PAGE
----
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Published March 31, 2008 09:13 AM

Deforestation-Carbon Markets Research

Finding ways to include deforestation abatement projects into the UN’s Clean Development Mechanism (CDM) and private sector emissions trading schemes such as the EU's ETS– thereby providing a market-based mechanism that offers an incentive and financing to jumpstart forest conservation initiatives – is one of the Intergovernmental Panel on Climate Change’s priorities.

Fossil fuel use and land use change account for roughly 1/5 of total anthropogenic greenhouse gas emissions, according to the IPCC’s 2007 assessment report. Researchers at the Centre for European Economic Research in Mannheim, Germany have put out a discussion paper that evaluates the economic implications of creating tradable carbon credits, such as CDM CERs (Certified Emissions Reductions), derived from reduced deforestation projects for the post-Kyoto emissions market in 2020.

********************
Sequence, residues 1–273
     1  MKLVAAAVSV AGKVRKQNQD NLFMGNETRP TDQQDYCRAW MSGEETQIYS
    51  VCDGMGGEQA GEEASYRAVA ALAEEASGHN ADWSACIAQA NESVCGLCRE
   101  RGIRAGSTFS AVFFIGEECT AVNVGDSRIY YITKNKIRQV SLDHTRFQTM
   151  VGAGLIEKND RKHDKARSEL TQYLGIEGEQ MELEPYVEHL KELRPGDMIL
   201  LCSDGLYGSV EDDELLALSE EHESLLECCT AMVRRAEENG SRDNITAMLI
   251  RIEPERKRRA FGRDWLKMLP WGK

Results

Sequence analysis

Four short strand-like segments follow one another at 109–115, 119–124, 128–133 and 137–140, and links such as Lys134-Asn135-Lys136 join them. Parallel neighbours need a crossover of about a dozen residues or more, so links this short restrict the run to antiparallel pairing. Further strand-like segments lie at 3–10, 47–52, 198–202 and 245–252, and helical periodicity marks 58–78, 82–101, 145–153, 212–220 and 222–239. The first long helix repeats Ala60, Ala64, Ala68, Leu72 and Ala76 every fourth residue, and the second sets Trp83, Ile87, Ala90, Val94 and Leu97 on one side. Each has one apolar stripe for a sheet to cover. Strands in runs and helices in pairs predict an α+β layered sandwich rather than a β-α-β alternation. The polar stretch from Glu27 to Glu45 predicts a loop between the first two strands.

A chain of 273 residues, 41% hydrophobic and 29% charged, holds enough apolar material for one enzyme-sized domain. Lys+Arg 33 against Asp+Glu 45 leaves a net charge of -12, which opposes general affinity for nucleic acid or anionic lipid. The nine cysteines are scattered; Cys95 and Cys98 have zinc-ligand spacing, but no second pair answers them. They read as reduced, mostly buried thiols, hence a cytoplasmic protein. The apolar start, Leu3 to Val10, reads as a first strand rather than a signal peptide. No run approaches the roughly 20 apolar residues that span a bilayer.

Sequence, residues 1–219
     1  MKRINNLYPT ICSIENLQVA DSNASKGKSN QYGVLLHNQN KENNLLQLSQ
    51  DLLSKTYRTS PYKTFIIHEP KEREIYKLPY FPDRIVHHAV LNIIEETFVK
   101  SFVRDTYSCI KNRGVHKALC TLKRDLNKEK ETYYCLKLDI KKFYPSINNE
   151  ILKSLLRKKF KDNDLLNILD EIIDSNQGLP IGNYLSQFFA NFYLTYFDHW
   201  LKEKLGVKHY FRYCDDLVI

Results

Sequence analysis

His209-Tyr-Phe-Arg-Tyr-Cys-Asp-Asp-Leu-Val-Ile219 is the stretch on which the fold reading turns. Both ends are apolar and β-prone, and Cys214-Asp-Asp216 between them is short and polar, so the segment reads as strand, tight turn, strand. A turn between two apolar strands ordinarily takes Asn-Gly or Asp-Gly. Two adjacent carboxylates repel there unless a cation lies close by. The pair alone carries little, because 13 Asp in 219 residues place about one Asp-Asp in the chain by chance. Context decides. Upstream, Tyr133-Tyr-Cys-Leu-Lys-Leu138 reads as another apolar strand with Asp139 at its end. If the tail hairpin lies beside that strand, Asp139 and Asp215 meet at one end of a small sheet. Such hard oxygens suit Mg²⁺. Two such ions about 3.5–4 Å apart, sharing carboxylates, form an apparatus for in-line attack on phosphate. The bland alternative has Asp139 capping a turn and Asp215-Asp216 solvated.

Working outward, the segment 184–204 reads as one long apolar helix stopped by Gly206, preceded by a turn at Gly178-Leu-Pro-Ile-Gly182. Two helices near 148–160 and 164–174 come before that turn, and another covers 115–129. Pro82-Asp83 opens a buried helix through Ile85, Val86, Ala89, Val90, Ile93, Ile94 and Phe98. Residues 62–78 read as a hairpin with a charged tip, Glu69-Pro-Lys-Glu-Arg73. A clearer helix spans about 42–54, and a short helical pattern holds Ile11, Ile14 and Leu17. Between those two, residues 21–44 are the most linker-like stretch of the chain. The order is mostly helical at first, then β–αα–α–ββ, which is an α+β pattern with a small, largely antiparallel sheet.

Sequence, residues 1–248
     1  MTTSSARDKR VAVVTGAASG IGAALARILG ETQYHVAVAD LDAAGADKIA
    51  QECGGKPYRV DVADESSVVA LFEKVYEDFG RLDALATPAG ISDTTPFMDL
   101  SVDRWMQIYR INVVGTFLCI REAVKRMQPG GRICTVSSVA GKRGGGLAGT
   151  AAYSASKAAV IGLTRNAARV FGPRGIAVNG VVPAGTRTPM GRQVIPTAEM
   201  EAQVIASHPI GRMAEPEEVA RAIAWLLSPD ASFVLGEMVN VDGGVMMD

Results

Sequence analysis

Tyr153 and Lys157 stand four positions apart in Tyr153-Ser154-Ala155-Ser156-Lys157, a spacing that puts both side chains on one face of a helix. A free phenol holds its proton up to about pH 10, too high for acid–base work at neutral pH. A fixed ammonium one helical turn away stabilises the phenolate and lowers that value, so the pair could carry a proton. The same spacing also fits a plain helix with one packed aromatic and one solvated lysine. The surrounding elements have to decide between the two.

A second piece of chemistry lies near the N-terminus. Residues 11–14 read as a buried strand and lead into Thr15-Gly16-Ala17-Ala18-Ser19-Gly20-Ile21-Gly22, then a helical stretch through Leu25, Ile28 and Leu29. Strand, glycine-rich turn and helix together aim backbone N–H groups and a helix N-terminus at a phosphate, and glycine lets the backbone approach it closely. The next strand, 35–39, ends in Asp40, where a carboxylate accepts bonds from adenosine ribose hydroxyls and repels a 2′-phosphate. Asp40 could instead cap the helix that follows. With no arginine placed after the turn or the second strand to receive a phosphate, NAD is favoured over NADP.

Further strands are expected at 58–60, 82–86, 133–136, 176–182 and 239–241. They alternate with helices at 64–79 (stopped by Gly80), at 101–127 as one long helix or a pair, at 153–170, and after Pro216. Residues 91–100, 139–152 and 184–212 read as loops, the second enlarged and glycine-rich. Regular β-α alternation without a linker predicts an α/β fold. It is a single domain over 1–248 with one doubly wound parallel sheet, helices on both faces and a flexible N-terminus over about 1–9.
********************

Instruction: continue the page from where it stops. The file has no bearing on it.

Write "Reducing Deforestation and Trading Emissions: Economic Implications for the Post-Kyoto Carbon Market" authors’ Niels Anger and Jayant Sathaye, “We find that integrating avoided deforestation in international emissions trading considerably decreases the costs of post-Kyoto climate policy – even when accounting for conventional abatement options of developing countries.

“At the same time, tropical rainforest regions receive substantial net revenues from exporting carbon-offset credits to the industrialized world. Moreover, reduced deforestation can increase environmental effectiveness by enabling industrialized countries to tighten their carbon constraints without increasing mitigation costs.”

Tropical Foresters to Meet at Yale

Meanwhile, the Yale University chapter will be hosting the International Society of Tropical Forester’s annual conference in New Haven March 28-29.

The potential impacts of bioenergy and deforestation on tropical landscapes, both of which hold the potential to offset carbon emissions, would have significantly different impacts on land uses, according to the organizers, hence discussions will focus on questions such as whether bioenergy will be a tool for tropical forest conservation or a catalyst of its destruction and whether biofuel production and deforestation are compatible.

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